The Chrysler Imperial In The 1950s
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In the early 1950s, Chrysler Corporation decided that they had to have an upscale model to compete with Chevrolet’s Cadillac and Ford’s Lincoln brands. These flagship brands generated a considerable amount of profit for their respective companies and Chrysler wanted ta piece of the action. In this climate, Chrysler pulled the Imperial brand out of the bullpen and launched it as its brand with no Chrysler badging attached. This met with limited success, with most people still referring to the cars as Chryslers, but, the cars still sold, but not in the quantities to be profitable for Chrysler.
The Early Years
According to our source at Fullerton Chrysler Dodge (Somerville, NJ), the Imperial nameplate actually goes back to 1926 and was originally created in order to compete with the luxury models the other manufacturers were making. It might never have had the exotic 12- and 16-cylinder engines offered in other top tier American luxury cars but the Imperial did a good job of competing by being a bit different from the competition. The brand continued on into the 1930s when Chrysler corporation discovered the advantages of aerodynamics and applied it immediately. Driven by unchecked the unchecked enthusiasm of Walter Chrysler, the “AirFlow” design concept swept through the Chrysler, Plymouth, Imperial, and Desoto brands. Later in the 1930s and into the 1940s, Chrysler dropped the airflow concept due to poor customer feedback.
The Imperial became its own brand in 1955. These new Imperials were designed by Virgil Exner and were hailed by Chrysler as 'The Finest Car America Has Yet Produced.' A very bold statement considering some of the fine cars produced from Packard, Cadillac, and others. The 1955 Imperial was advanced. It was Chrysler’s first vehicle to have a wraparound windshield. The Imperial was a high priced vehicle for its time, costing $4,483 for the four-door sedan, over $500 more than the Cadillac Series 62. Even though it was pricy, it offered items as standard equipment that was optional on other vehicles. The Imperial Newport hardtop coupe sold for roughly $4,720.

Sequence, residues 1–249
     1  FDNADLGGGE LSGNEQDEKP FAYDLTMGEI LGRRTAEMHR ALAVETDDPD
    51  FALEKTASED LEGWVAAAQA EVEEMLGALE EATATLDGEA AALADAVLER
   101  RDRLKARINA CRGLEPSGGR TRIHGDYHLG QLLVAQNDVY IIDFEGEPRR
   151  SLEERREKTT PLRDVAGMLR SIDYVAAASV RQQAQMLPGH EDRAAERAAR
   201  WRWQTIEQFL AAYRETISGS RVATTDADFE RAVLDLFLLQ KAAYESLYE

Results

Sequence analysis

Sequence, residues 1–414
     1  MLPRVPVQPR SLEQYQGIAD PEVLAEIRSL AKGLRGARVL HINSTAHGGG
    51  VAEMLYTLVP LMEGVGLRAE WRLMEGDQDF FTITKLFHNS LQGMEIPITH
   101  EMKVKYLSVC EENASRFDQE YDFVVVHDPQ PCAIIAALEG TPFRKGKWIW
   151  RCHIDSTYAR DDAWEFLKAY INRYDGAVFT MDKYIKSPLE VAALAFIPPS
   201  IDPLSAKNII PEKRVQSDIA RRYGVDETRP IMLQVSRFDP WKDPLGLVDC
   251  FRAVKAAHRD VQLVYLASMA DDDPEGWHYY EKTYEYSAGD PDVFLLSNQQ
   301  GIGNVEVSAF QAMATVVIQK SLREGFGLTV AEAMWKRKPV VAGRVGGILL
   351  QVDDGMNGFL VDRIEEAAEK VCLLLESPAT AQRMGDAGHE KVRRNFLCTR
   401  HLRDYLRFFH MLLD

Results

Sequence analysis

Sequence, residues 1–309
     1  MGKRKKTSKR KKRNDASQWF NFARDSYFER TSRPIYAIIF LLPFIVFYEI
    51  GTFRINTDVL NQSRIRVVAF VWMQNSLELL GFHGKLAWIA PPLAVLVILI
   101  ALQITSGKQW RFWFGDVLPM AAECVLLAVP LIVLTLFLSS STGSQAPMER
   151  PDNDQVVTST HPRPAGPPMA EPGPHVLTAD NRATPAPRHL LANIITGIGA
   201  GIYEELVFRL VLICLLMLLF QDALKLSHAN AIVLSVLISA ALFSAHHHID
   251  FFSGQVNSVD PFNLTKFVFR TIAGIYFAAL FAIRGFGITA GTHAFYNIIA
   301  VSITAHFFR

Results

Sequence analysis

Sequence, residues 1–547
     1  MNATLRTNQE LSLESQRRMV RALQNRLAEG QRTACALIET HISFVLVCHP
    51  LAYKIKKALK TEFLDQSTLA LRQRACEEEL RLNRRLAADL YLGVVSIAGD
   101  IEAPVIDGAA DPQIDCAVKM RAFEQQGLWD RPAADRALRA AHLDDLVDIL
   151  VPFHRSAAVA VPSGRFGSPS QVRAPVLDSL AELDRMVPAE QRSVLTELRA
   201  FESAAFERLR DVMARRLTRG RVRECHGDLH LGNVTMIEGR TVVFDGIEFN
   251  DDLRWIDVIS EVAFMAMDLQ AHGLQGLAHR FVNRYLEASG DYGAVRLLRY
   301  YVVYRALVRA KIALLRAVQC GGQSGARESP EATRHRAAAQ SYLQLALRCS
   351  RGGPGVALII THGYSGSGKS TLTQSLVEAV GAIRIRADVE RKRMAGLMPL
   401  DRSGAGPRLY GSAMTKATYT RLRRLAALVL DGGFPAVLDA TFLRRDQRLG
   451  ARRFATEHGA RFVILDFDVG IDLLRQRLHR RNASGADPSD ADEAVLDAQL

The 1957 Chrysler Imperial is probably one of the most famous and popular Imperial in history. Styling was once again handled by Virgil Exner. Like most of Detriot, tailfins could be found in the rear of the vehicle. The curved door glass was not only creative, but they were also the first in the industry. The long, stylish front hood hid a giant 392 cubic inch V8 capable of producing 325 horsepower. The Hemi V8 version produced 350 horsepower. In 1957, the new TorqueFlite transmission when coupled with the V8 powerplant could propel the large Imperial from zero to sixty miles per hour in 9.8 seconds easily beating the nearest competitor. Its top speed of 125 miles per hour was also unmatched. 35,734 Imperials were produced in 1957, the best year Chrysler would have with this vehicle.
In 1958, the Imperial's most obvious difference was its new extruded aluminum grille. Composed of six banks of slim, open rectangles stacked six high, the new grille was set over a simpler, though still multi-piece, bumper, a filled-in variant of the previous biplane style. That said, other trim changes were minimal. The diecast molding streaming back from the fender crown was longer and acquired a curious indented section, wheel cover center rings changed from black to white with crown centers. The Flight-Sweep "tire" acquired an attractive new eagle center, but the standard deck lid displaced large block letters to spell out Imperial.
Engineering changes also were limited. The engine compression ratio was upped to 10:1, horsepower to 345. All 1958 Imperials also employed the lower, shorter, and lighter four-barrel carburetor and off-center, spool-type front engine mounts released as running changes during 1957. The power steering gear was new, too. New options included electric door locks, a remote-control outside rearview mirror, Sure-Grip limited-slip differential, run-flat Captive Air tires, and the precursor of today's cruise control, Auto-Pilot. Division officials claimed Auto-Pilot saved up to 15 percent on gas, a statement given credence when an Imperial Crown again took top honors in the 1958 Mobilgas Economy Run. This marked the third straight year Imperial had won the event, making Imperial the first three-in-a-row champion since the six-cylinder supercharged Grahams of 1936-1938. As we shall see, Imperials and Grahams would soon be linked anew.